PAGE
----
Muslim Women: Laws on Rights to Maintenance
Muslim women are entitled to maintenance under Muslim personal law as well as the Protection of Rights on Divorce Act, 1986. To a layperson, what does ‘maintenance’ really mean? Simply put, when a couple divorce, the husband is legally bound to provide for the expenses of the wife and children, which is called as ‘maintenance.’ It must, however, be noted that a Muslim wife is only entitled to maintenance so long as she is faithful to her husband and obeys his ‘reasonable’ orders. Moreover, the Dissolution of Muslim Marriage Act, 1939 enables a Muslim wife to seek dissolution of marriage on the ground of failure to provide maintenance.
Maintenance for Muslim Women: Stipulations of Iddat
The Dissolution of Muslim Marriage Act (DMMA) states that a Muslim husband is entitled to maintain his wife only up to the period of iddat. Based on the Shariat terminology, iddat is the mandatory waiting period for a divorced or widowed Muslim woman, which must conclude and thereupon, she can remarry. Once the period of iddat is over, the Muslim husband’s liability of maintenance ends as well.
The period of iddat is three menstrual cycles or three lunar months after a divorce. However, if a wife is pregnant at the time of the divorce, the period of iddat extends up to the time of delivery (or abortion), even if the event takes place after three months. However, if the delivery takes place before three months, iddat terminates immediately with the event.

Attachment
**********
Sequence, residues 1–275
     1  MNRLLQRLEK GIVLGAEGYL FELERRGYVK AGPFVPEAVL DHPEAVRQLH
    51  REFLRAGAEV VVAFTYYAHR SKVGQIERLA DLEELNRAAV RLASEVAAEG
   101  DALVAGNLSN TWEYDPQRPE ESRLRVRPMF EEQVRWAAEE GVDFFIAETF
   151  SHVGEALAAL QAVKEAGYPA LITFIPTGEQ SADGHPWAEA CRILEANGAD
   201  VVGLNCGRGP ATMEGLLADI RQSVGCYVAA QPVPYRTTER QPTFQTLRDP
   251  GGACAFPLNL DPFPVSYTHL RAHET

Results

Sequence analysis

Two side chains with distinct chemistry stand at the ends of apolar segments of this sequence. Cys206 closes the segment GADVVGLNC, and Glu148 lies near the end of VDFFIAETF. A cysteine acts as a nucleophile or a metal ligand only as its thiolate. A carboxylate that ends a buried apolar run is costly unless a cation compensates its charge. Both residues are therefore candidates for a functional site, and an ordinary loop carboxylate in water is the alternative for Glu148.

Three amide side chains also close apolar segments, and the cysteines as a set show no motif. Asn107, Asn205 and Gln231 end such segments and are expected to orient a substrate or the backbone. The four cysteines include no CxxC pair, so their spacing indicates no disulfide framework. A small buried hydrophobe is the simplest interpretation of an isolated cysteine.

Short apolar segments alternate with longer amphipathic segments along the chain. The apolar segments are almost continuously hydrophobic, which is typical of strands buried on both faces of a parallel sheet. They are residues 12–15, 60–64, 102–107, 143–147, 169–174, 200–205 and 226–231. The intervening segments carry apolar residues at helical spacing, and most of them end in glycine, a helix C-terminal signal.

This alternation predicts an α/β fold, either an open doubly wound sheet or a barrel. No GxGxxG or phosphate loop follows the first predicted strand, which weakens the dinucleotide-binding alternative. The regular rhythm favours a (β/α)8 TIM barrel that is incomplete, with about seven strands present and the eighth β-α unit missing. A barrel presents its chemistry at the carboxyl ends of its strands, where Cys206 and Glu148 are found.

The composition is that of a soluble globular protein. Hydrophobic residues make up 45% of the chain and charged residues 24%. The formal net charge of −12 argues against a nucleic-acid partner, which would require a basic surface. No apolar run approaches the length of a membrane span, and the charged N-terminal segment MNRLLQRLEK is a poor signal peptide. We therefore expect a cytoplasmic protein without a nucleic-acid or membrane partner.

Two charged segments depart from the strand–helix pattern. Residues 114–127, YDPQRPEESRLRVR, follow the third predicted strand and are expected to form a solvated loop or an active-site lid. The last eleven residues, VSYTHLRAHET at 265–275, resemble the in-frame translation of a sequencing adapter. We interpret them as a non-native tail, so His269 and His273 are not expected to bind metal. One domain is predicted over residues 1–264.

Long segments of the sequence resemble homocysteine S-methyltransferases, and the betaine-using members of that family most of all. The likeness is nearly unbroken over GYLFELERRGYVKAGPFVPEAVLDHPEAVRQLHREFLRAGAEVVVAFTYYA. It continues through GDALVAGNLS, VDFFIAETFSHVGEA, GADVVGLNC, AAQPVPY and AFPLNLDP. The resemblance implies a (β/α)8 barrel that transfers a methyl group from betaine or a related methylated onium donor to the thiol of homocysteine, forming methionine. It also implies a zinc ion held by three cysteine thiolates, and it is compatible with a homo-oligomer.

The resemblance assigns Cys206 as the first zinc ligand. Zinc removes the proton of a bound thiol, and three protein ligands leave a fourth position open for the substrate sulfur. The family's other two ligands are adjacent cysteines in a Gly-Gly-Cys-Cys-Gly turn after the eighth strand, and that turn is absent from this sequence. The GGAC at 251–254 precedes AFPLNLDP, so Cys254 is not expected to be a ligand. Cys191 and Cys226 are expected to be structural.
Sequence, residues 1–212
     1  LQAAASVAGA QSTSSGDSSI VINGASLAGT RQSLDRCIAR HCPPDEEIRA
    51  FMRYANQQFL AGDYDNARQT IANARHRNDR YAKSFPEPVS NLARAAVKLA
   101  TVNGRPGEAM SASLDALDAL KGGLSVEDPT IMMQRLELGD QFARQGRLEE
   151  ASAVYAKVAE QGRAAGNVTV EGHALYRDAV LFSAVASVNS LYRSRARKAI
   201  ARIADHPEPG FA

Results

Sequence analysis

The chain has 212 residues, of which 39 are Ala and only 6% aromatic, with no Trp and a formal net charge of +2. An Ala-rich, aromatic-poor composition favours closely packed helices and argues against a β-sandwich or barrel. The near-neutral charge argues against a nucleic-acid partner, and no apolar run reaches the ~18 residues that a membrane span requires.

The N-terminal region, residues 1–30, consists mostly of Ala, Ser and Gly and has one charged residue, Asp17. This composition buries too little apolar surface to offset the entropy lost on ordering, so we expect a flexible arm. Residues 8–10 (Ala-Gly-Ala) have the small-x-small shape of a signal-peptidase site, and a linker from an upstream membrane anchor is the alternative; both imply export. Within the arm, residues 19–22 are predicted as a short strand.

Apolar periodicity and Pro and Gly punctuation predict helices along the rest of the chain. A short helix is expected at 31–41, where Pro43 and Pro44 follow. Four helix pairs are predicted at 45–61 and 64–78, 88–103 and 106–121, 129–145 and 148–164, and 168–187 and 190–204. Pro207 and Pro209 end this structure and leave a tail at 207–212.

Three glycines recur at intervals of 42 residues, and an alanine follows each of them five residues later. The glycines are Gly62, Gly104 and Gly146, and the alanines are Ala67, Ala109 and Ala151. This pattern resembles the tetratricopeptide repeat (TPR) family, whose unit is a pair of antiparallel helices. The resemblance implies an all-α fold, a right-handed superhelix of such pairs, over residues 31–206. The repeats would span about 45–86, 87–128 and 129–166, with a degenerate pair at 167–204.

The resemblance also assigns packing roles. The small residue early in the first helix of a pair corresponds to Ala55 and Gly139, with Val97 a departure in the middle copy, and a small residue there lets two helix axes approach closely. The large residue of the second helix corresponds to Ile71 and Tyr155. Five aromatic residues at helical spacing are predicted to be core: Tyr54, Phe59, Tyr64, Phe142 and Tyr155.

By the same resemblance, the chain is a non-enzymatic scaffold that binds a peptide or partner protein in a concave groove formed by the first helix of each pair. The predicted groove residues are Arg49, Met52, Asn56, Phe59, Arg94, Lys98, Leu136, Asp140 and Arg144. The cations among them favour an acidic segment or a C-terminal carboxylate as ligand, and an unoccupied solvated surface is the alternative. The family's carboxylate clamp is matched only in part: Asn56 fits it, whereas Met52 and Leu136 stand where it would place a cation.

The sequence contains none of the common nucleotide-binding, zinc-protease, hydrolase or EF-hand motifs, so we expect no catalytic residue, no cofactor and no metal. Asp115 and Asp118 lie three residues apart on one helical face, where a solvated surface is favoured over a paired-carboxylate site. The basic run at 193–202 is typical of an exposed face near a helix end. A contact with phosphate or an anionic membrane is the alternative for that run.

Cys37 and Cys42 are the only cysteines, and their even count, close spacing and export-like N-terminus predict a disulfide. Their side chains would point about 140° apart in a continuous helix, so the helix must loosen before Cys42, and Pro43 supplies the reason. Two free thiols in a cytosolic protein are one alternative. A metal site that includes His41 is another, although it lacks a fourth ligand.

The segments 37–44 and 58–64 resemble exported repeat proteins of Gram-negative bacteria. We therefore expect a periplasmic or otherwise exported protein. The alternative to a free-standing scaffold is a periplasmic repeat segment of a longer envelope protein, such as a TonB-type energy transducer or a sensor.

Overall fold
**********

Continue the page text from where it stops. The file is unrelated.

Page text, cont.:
Entitlement to Maintenance by Muslim Woman in a Polygamous Marriage
Several schools of Islam permit Polygamy but section 125(3) of the Code of Criminal Procedure entitles a Muslim wife to live separately and receive maintenance from her husband if he contracts a second marriage or even keeps a mistress. This provision, incorporated in 1973, is a big step towards integrating modern ideas in the Islamic personal and family laws.
Most important to note is that this code has been made in full consistency with the spirit and tenor of Mohammedan Law. The code continues to entitle a Muslim husband to have multiple wives, while enjoining him to accord equal treatment to all his wives.
A question arises here is as to whether a Muslim woman who has filed for divorce under the DMMA would be entitled to receive maintenance under the Code of Criminal Procedure?
The court has established that a Muslim woman is entitled to receive maintenance under the code despite filing for dissolution of marriage, established under Zohra Khatoon v Mohd Ibrahim.